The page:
bolic, traumatic and important part of the Cherokee culture and heritage. I can think of no other way to honor my heritage than to participate in ‘Remember the Removal.’” The Trail of Tears took place over the winter months of 1838 through 1839. An estimated 16,000 Cherokees were forced at gunpoint to remove themselves and their families from their homes, farms and communities. After being held in federal stockades until deep winter, they were subsequently herded on overland and water routes that moved through the present-day states of Tennessee, Kentucky, Illinois, Missouri and Arkansas. More than 4,000 Cherokees died along the various routes. Rogers, a 21-year-old Tahlequah resident, believes his ancestors’ past has helped make him who he is today, and is looking forward to the ride. “I see this as an amazing event that I would like to a part of,” said Rogers. “I feel that it will strengthen me physically and mentally. I hope to learn more about specific events that occurred throughout the removal.” Riders are slated to make the final 2-mile leg of the journey from Stilwell to Tahlequah on Wednesday, June 23. As weather and terrain permits, the group will camp along the route some nights, while other nights will be spent in commercial lodging.

council, Carner said. Martin said he told board members if they wanted to be a Title 19 department, they needed to follow those rules and regulations. Foster said one of his main concerns centered on whether the board’s new bylaws were properly established, or were in violation of state laws. Hood said before he drafted the bylaws that were adopted last June, he was unable to find bylaws under which the board was operating. “I was led to believe we had bylaws,” said Hood. He said a “disgruntled” man expressed concern over the department’s bylaw status, and “come to find out, we did not have a good, controlled set of bylaws.” Hood said the only thing available was a copy of another fire department’s bylaws IRAVFD had been given as a guideline so it could draft its own set of rules. Foster said the new bylaws give the board power “to pretty much do whatever it wants.” Hood said the new bylaws include no central power. “There’s no king anywhere in the fire department,” said Hood. Foster, who was elected chairman during the department’s March 9 annual meeting, said Martin was concerned about the board’s actions. He said Martin felt the IRAVFD had always been a Title 18 department, and that some board members were trying to run it as a Title 19. “Evidently, the board adopted new bylaws back in June [2009] that were written for a Title 19-type fire department,” said Foster. “I think

Chief Martin had concern over if the board is holding meetings in accordance with open meetings laws. [He] basically had his hands tied, and began to distance himself.” Minutes from the March 9 annual meeting show Martin was approved unanimously by board members as the IRAVFD chief for 2010. Following that meeting, the board entered its regular monthly meeting, and Martin began to give his chief’s report, which included detailing plans to name an assistant fire chief and a captain. “We’re twice as big as most of the departments and we’re not like a lot of them,” said Martin. “We have hundreds of thousands of visitors on the river every summer.” He’d lost one assistant chief to a bigger department, so he wanted to pick a new one, plus add the captain’s slot. During the report, Foster said, another board member leaned over and told him Martin could not appoint the positions without the board’s approval. “I think members of the board didn’t feel comfortable,” said Foster. “I’d been chairman literally all of five minutes; I had just taken over.” So Foster said he told Martin he would have to submit the appointments in a letter to the board, which would then have to give its approval. Foster said Martin became frustrated, and mentioned he “might take the summer off.” Martin said he did say something like that, but later told them he’d “had it.” Board minutes show he and several others then left the meeting. Martin said there was also discussion at the meeting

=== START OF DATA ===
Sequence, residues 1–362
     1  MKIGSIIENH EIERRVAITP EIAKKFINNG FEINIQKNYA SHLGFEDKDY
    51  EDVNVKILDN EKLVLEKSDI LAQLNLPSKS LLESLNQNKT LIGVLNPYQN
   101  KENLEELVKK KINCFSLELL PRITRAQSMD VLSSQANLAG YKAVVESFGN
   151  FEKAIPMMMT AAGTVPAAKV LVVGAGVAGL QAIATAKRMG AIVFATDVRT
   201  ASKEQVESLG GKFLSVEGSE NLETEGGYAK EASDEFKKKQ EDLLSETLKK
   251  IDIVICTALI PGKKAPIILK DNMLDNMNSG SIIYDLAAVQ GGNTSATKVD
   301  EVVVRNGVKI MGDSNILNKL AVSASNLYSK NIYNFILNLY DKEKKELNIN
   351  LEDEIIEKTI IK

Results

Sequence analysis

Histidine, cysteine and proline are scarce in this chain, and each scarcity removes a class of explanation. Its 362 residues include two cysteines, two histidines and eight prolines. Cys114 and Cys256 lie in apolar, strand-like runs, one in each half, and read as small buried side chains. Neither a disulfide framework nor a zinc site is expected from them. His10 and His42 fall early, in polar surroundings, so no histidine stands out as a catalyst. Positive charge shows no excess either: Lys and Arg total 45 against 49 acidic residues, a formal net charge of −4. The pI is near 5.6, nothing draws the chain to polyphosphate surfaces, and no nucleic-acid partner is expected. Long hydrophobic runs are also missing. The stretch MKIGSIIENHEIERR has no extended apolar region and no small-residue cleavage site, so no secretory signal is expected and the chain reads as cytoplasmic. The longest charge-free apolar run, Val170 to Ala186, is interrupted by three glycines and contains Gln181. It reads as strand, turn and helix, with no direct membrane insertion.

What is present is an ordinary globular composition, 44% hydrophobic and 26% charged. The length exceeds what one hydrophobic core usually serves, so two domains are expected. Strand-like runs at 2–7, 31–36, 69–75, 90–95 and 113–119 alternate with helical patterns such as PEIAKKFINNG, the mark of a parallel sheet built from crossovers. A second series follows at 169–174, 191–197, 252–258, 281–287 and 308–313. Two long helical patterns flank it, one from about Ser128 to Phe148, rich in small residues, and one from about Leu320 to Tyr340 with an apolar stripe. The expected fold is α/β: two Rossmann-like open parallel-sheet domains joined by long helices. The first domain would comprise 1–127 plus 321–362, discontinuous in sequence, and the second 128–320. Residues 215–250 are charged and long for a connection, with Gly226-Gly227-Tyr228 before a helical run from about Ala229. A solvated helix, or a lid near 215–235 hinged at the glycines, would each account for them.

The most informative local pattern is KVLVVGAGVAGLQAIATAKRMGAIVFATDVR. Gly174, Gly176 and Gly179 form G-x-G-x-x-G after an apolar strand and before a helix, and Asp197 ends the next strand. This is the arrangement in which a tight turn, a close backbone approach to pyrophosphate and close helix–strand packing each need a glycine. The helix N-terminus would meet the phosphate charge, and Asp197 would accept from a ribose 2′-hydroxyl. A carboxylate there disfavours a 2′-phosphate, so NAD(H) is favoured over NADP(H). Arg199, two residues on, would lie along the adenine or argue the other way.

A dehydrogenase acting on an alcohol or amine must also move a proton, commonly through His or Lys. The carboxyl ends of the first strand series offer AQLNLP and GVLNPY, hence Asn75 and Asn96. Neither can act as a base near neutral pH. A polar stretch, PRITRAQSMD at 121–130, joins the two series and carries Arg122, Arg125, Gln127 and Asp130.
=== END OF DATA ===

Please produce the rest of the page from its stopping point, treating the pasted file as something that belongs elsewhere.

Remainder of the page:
about the condition of the department’s airboat, which had been a source of controversy when it was purchased a few years ago. Martin said the vessel had been left outside, uncovered, all winter. He said he wanted to get some type of portable structure to cover it, but the board wouldn’t agree. Martin said the new board seemed to “micro-manage everything.” Hood said the board “leaned on [Martin] a little too much for questions.” “He was burning out, getting frustrated with the board,” Hood said in May. “I think with the bylaws and such, he was so busy, he could not keep up with all the changes, and probably felt his hands were being tied.” Martin said he doesn’t feel he was doing anything wrong, and pointed out one change made by the board involved how the chief was selected. Firefighters with the IRAVFD used to pick the chief, he said, but the board now takes that responsibility upon itself. “Mac was a good guy, a good friend, a good family person,” Hood said. “He still has a lot to offer this district, and always had a lot to offer.” Martin, who’s been with the IRAVFD for most of the past 20 years, still considers himself a firefighter, having logged days and nights with the department that took his focus away from his business. Martin said the board is supposed to meet soon to elect four new members to fill vacancies. IRAVFD has two stations - one at Scraper and one at Steeley Hollow. Staff Writer Bob Gibbins contributed to this story.